Friday, June 26, 2015

The Tragedy of Iran’s Great Salt Lake

This classic Facts So Romantic post originally ran in August, 2014.
The last time my cousin Houman traveled to Lake Urmia was 11 years ago. He and four of his friends piled into his car and drove for roughly 12 hours, snaking west from the capital of Tehran. Iran is shaped like a teapot; its massive saltwater lake is nestled high in the tip of its spout and flanked by the mountains that run along the Turkish border to the west.

They had heard a lot about it. The largest lake in the Middle East and one of the biggest saltwater lakes in the world, Lake Urmia at its peak was a popular draw for vacationers eager to float in its salty water—known for its healing properties—and sunbathe among the flocks of flamingos, pelicans, and yellow deer that made a home at the lake and its hundred-or-so islands.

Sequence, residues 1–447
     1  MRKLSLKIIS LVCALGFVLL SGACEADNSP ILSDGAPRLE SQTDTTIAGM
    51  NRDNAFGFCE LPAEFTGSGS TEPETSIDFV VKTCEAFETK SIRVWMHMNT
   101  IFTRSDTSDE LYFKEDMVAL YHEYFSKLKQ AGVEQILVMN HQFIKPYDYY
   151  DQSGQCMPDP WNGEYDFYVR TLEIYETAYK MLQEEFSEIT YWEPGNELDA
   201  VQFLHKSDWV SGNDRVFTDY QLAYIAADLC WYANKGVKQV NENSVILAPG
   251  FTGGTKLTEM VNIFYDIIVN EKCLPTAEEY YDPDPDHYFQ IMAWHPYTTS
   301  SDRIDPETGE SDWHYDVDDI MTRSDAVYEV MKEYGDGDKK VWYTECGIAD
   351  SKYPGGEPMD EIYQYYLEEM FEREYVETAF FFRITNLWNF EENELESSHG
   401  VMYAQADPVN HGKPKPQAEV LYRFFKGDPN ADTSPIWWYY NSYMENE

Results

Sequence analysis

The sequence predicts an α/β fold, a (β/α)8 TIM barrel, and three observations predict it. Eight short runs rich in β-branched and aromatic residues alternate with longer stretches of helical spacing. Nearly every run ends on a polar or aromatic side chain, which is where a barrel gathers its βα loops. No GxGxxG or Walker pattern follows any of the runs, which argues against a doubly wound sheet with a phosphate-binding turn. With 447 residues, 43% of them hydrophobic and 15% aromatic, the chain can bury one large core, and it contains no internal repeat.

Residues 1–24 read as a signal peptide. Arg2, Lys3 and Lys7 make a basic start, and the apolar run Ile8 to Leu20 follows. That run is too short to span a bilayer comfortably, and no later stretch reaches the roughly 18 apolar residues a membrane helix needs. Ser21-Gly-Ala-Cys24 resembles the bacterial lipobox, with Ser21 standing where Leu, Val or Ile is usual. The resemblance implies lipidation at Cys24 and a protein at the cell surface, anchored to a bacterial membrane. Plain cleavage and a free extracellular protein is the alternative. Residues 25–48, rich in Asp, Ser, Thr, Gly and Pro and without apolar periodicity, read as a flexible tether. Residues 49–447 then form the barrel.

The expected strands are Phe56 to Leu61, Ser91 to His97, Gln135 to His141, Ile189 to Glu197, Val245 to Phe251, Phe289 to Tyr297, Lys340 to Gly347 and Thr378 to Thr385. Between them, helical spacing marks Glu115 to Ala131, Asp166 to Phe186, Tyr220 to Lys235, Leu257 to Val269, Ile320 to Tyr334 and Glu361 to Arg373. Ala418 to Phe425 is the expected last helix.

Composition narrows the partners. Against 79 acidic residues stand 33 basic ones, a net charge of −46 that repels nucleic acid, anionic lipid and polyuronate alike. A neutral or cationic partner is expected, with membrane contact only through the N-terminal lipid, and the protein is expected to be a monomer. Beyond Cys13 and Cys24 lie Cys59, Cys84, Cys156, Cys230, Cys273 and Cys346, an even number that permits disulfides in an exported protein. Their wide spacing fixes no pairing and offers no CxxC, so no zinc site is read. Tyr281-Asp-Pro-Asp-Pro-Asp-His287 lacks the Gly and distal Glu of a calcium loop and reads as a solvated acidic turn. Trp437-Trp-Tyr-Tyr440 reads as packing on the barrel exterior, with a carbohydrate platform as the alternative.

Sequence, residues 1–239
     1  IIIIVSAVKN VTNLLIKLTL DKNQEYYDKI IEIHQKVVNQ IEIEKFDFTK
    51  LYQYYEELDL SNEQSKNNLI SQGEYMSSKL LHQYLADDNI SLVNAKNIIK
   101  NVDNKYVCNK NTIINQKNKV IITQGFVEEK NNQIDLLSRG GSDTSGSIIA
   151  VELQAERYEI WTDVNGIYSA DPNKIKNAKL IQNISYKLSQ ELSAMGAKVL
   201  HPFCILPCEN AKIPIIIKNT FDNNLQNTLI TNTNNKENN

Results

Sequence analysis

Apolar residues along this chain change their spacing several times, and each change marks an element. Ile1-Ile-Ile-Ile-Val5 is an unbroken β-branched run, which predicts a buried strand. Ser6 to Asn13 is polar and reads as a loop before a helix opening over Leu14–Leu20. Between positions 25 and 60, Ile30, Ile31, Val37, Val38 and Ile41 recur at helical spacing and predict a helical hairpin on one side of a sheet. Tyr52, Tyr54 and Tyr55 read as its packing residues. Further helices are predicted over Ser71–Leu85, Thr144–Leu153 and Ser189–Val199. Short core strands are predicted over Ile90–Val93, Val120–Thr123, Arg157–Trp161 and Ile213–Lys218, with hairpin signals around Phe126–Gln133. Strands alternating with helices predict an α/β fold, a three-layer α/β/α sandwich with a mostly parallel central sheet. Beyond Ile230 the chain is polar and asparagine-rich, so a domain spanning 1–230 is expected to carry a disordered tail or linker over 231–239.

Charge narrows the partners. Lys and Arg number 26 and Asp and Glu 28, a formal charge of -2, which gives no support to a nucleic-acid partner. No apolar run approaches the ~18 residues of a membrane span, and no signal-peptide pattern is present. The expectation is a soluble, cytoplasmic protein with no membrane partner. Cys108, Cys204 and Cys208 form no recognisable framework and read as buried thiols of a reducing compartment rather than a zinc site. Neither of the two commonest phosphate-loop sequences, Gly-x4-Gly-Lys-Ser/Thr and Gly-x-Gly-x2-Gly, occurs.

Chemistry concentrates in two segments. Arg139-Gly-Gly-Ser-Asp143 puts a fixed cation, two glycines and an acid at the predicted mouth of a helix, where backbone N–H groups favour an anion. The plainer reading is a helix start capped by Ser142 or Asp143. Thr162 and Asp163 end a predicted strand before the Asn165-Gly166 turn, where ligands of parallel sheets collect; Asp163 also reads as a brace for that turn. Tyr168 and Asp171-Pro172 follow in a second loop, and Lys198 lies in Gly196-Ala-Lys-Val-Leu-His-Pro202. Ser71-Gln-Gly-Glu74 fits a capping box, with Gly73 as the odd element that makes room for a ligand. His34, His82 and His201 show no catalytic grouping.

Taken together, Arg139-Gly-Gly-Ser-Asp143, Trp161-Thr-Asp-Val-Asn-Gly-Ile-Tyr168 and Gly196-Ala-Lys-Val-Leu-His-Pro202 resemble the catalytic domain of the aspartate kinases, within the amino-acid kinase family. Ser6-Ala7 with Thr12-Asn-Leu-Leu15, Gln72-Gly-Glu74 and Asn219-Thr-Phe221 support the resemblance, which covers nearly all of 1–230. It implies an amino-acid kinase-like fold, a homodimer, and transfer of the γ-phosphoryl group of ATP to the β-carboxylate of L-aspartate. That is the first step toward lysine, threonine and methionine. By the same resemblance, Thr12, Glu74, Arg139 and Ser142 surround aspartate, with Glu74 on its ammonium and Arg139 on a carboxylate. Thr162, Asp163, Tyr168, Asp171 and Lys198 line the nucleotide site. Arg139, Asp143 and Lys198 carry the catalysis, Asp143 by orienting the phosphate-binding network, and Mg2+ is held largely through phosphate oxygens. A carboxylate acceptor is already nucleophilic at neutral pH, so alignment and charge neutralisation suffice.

This was the picture of Lake Urmia that Houman had gotten from my uncle’s descriptions of traveling to the lake 20 years before. But when he and his friends finally pulled up at Lake Urmia’s shores, all they saw was barren whiteness. Stripping down to bathe, their feet were pierced by the jagged edges of salt crystals lining the lakebed. Emerging from the shallow water, their bodies turned white, stinging from the layers of salt clinging to their skin. There were no animals in sight. “The water was disappearing,” Houman said. “It felt like soon there might not be any left.”

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